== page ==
The ferrets, after a few days, were named Shiva and Kali. (When I looked up the Hindu deities, they were listed together as consorts. I assumed that meant ‘Shiva’ was male. I found out later it’s a female, but I can’t change his name. He is Shiva now, all the way through.)
Within the first several weeks, I noticed that Shiva seemed under the weather. He was playful enough, but his potty habits were, well… messy and noisy. So I took all the ferrets to the vet. At the time, he was the only sickly one, so he was given meds. Once all better, he became the typical fuzzy boy.
Shiva got HUGE! I mean, BB went through a chunky phase, too, but Shiva was enormous. We jokingly referred to him as a whale. Or a chimichanga. Both BB and Kali together were still smaller than Shiva. And it wasn’t until after we’d gotten Loki that he slimmed down.
By contrast, Shiva is now the smallest male I own. He is almost as tiny as the girls. A lot of his silver fur lightened to the point that you’d barely notice it, but the light spot is still by his ear. However, even though he got a clean bill of health a few months back when he received his Lupron shot, he has since lost almost all the hair off his tail. Many ferrets will suffer from alopecia and lose hair as a result.
What stands out most about Shiva is his unique personality. But despite that, he has some very typical ferrety quirks.
Shiva likes to climb on occasion, most often scaling my record player and knocking stuff off the shelves… most often my 45s. He loves stealing anything with rubber, especially pens, wallets, and cell phone cases (usually with the cell phone still inside!) I will often see him darting under the bed or dresser with a pen in his mouth, and I’ll have to scramble to retrieve it. He also loves sneaking out of my room. Usually he makes a beeline for my daughter’s room, and as soon as he gets through the door, he dances. I swear, it looks like he’s doing a touchdown dance!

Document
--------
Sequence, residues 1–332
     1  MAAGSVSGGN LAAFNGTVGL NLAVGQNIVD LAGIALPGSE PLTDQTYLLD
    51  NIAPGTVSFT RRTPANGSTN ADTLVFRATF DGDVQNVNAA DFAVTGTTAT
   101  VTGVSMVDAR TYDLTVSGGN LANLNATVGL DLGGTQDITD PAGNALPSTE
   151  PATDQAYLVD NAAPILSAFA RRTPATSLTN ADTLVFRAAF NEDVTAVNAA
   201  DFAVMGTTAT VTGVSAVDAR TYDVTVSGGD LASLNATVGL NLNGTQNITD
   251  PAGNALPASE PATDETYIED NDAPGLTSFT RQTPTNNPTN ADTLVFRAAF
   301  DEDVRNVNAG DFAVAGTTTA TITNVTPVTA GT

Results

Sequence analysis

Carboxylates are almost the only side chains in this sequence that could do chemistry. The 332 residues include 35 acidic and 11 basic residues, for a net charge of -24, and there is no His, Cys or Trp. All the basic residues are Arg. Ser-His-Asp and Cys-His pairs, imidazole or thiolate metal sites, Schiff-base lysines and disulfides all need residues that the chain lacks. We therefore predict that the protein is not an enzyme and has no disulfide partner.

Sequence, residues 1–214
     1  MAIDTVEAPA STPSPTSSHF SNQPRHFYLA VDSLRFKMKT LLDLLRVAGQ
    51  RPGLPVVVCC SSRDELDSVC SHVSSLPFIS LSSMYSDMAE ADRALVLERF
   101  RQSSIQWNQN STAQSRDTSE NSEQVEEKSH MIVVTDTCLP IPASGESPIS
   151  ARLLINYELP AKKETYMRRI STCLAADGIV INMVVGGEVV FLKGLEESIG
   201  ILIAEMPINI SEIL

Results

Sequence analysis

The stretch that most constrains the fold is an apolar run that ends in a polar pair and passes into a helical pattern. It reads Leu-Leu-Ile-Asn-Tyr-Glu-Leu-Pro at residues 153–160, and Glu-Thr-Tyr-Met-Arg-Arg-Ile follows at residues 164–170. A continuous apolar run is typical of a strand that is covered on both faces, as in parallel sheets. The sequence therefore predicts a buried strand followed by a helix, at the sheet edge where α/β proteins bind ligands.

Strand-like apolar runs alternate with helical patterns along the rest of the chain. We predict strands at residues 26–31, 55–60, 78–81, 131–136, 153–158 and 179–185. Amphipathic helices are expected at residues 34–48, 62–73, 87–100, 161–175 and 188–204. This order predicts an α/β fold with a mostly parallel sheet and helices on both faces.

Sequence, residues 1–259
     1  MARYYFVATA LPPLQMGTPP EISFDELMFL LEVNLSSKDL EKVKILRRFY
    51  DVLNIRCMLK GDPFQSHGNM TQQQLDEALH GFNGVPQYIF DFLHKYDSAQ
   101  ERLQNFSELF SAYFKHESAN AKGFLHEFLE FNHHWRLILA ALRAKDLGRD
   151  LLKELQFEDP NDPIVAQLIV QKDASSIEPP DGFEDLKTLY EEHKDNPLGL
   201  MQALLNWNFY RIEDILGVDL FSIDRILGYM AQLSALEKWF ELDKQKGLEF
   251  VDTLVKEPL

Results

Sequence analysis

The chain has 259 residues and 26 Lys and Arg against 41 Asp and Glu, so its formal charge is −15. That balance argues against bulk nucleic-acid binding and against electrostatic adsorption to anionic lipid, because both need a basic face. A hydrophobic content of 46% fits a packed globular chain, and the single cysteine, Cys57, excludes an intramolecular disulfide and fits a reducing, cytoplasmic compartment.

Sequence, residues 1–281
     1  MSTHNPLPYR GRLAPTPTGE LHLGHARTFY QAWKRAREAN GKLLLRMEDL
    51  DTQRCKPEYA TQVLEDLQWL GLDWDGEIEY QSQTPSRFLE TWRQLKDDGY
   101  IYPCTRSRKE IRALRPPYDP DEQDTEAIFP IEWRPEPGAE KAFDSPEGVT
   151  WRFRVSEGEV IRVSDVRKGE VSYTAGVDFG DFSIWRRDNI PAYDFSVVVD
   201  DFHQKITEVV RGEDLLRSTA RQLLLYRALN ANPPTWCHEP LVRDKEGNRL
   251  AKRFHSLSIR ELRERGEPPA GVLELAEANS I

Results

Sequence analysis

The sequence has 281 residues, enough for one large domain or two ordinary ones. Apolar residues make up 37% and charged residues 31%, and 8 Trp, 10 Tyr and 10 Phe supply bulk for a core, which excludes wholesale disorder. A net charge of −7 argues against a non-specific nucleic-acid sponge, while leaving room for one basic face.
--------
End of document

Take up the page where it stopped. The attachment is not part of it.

Once, he paused briefly in the middle of his celebration, spotted a dog staring at him, and immediately jumped on the dog’s face! The dog, Yoda, was startled but didn’t snap. In general, the dogs are never allowed around the ferrets unsupervised, and will shy away from them completely if we’re not holding the ferrets. My cousin once brought a small puppy over, and Shiva was the only ferret undaunted by it’s prescence. After they sniffed each other over, they even played for a little while. He’s a fearless little guy, but also easy going.
I have commented before on Shiva’s strange way of staring when he’s picked up. Of all the ferrets, he takes the longest looks at whoever holds him. I joke that he’s analyzing us, studying us. And after some research, I realized he probably is. But not because he’s overly curious or nosy.